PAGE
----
G20 chance to realize climate action: Indonesian minister

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Mangrove planting. (Antara Foto/Aprilio Akbar)

Jakarta, March 23 (ANTARA) - The G20 meeting is an opportunity to realize braver collective action to handle climate change, biodiversity loss, and overpopulation, Environment and Forestry Minister Siti Nurbaya has said.

In a statement issued on Tuesday, the minister said that the adoption of the Glasgow climate pact and other decisions taken during the 26th Conference of the Parties (COP) meeting underlined the importance of bolstering collective emission reduction efforts.

The efforts involve expediting and implementing domestic mitigation steps, she noted at the opening of the G20 Environment Deputies Meeting and Climate Sustainability Working Group (EDM-CSWG) in Yogyakarta on Tuesday.

In addition, they include protecting, conserving, and recovering nature as well as the ecosystem for climate adaptation and mitigation, as well as ensuring social and environmental protection.

Indonesia aims to gather pressing topics concerning the global process and development to push real action during its G20 Presidency, Nurbaya said.

This will be done by considering the inheritance and work from the previous G20 EDM-CSWG.

Concerning Indonesia's climate change and climate target in the Nationally Determined Contributions (NDC), she explained that Indonesia has initiated the net sink in forestry and other land use (FoLU) sector in 2030.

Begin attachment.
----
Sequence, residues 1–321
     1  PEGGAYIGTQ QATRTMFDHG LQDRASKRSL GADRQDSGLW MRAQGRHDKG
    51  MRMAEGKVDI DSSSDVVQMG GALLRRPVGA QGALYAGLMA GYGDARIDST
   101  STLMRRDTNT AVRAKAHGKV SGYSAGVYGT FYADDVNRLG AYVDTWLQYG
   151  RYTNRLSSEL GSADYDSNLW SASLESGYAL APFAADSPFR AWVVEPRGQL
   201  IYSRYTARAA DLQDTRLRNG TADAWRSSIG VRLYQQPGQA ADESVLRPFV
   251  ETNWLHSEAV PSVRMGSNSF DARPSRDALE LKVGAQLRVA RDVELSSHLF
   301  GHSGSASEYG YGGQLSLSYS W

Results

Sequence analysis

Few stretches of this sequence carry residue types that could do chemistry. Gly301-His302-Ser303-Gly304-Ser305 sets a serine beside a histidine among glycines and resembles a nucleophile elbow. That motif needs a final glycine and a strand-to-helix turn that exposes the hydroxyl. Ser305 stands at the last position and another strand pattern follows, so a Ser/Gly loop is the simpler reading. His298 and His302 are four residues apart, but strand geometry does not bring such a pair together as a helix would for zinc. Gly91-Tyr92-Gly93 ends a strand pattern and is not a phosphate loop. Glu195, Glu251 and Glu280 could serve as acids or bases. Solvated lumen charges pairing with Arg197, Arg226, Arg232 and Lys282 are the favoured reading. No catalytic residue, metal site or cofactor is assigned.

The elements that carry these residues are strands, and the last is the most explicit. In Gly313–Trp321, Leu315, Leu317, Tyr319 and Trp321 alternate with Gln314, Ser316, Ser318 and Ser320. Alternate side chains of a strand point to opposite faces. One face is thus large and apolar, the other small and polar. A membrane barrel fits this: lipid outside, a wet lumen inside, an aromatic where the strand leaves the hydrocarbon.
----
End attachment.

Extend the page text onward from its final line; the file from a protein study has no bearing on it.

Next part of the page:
Indonesia’s 2030 FoLU Net Sink comprises strategies and approaches to reach a FoLU sector greenhouse gas emission absorption rate that matches or even exceeds the emission rate in Indonesia.

Meanwhile, the FoLU sector after 2030 is targeted to absorb more emissions.

When combined with other greenhouse gas emission reduction activities from other sectors, it could help the nation reach carbon neutral status by 2060 or earlier.

In reaching the medium and long-term target for emissions reduction, the nation’s unique ecosystem, which includes peatland and mangrove ecosystems, is playing an important role, Nurbaya explained.

Almost 90 percent of the world's peatland ecosystems and 41 percent of global mangrove land, as well as unique ecosystems, exist in G20 countries, she noted.

This places the G20 in a strategic position to control climate change through the protection and rehabilitation of peatlands and mangroves.

The first EDM-CSWG is the first G20 milestone through collective effort to protect the environment and deal with climate change to ensure a more sustainable and climate-resilient future, the minister said.

"Let us recover together, recover stronger," she remarked.